North Korea Ex­tends Olive Branch to South Korea and a Warn­ing to Trump

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North Korea an­nounced that its nu­clear de­fense pro­gram is now com­plete, Kim Jong-un has his fin­ger on the but­ton and its mis­siles can reach the con­ti­nen­tal United States. And it has in­di­cated that it wants di­rect peace talks with the South and to dis­cuss the par­tic­i­pa­tion of North Korean ath­letes in the 2018 Win­ter Olympic and Par­a­lympic Games, which will be held in Pyeongchang, South Korea, in March.

The South Korean gov­ern­ment has wel­comed Kim Jong-un's pro­posal to open a di­a­logue be­tween the two na­tions in an ef­fort to ease ten­sions on the Korean penin­sula and dis­cuss the pos­si­bil­ity of send­ing North Korean ath­letes to the Olympic games.

"We wel­come that Kim ex­pressed will­ing­ness to send a del­e­ga­tion and pro­posed talks as he ac­knowl­edged the need for im­prove­ment in in­ter-korean ties," a spokesman for South Korean Pres­i­dent Moon Jae-in said at a press brief­ing. "The suc­cess­ful launch of the games will con­trib­ute to sta­bil­ity not only on the Korean Penin­sula but also in East Asia and the rest of the world."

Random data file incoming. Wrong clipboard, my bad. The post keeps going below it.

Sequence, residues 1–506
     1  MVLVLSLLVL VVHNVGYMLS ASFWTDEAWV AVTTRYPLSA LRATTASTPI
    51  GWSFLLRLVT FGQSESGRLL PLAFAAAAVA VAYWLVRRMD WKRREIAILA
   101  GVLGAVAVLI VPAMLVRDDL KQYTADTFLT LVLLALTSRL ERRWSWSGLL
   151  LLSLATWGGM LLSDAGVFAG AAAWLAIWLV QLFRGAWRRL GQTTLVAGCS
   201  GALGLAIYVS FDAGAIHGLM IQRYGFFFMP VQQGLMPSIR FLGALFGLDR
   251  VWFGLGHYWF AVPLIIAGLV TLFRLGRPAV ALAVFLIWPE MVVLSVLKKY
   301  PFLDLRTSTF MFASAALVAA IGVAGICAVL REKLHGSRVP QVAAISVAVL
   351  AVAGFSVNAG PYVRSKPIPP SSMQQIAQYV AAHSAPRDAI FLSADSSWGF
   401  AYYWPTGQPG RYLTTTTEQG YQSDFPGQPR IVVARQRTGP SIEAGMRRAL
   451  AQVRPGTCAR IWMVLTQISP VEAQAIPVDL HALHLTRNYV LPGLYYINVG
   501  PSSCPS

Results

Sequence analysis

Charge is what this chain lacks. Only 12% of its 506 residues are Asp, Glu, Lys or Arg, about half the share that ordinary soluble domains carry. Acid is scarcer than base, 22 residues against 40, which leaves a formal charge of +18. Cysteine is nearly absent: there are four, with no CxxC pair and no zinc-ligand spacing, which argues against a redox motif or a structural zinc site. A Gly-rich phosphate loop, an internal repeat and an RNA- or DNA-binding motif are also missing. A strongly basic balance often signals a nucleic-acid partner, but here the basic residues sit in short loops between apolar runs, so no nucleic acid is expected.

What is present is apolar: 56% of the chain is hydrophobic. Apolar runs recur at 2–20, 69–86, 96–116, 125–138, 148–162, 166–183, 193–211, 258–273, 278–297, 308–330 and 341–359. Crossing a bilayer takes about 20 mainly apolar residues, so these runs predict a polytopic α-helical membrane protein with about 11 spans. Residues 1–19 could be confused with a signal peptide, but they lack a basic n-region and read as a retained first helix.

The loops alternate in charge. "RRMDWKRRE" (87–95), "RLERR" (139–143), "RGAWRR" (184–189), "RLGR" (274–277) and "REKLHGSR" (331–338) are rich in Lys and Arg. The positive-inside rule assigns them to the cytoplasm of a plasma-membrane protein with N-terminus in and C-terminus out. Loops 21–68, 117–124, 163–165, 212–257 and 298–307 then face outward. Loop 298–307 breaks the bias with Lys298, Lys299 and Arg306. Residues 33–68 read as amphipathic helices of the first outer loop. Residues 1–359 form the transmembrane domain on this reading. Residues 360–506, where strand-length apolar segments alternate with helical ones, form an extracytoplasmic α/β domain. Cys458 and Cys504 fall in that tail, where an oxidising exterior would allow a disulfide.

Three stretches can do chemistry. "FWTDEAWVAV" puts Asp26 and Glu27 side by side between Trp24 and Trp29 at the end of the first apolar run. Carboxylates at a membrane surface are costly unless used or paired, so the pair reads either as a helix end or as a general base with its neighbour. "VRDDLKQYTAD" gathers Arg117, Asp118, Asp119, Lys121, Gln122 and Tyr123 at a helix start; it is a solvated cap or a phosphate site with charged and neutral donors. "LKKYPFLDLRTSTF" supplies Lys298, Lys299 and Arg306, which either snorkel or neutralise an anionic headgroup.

By en­gag­ing in talks di­rectly with South Korea and ex­clud­ing the United States, the two Koreas can move to­wards de-es­ca­la­tion of ten­sions, find com­mon ground and have a much greater chance of find­ing peace.

Peace be­tween the two Koreas presents a chal­lenge to Trump be­cause the real tar­get of Amer­i­can ag­gres­sion to­wards North Korea has ac­tu­ally been China and by fo­ment­ing con­flict be­tween the Koreas the U.S. had an ex­cuse to main­tain a heavy mil­i­tary pres­ence on China's front porch. With­out that cover, the U.S. will be un­der pres­sure to re­duce its mil­i­tary pres­ence or stage a false flag at­tack to reignite ten­sions to keep pres­sure on China to not launch its gold-backed Petro Yuan and oil mar­ket that could weaken and ul­ti­mately lead to the col­lapse of the U.S. dol­lar.

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